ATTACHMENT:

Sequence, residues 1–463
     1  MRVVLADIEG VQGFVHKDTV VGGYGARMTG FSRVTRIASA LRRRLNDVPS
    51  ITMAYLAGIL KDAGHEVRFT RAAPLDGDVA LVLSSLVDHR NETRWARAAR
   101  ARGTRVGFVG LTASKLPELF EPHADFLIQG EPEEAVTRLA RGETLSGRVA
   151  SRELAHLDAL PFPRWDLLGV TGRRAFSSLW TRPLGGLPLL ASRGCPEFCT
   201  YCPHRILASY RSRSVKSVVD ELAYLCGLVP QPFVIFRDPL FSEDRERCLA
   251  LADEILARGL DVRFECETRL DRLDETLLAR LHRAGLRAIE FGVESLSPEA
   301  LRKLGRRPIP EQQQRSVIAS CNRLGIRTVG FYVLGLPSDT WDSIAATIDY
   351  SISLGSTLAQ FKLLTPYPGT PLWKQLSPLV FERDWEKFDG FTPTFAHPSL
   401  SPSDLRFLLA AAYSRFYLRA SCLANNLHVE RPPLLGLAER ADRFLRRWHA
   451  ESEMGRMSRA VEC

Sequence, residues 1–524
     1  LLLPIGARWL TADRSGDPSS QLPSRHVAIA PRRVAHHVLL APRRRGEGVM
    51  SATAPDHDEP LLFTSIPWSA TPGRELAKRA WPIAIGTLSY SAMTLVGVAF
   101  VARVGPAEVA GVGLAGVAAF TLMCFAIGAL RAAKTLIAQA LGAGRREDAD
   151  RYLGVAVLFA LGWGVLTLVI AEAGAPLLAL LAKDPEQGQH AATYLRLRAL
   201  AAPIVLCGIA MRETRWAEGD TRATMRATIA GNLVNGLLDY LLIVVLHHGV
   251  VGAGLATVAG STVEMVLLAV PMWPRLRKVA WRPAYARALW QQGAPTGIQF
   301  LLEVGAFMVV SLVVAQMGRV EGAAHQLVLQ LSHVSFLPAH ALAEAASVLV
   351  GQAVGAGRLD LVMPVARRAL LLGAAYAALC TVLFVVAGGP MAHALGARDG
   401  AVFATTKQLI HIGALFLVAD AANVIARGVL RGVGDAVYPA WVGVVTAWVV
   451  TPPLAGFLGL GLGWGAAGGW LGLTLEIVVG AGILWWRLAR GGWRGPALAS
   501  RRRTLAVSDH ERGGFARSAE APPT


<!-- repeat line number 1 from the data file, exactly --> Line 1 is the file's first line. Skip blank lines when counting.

Sequence, residues 1–463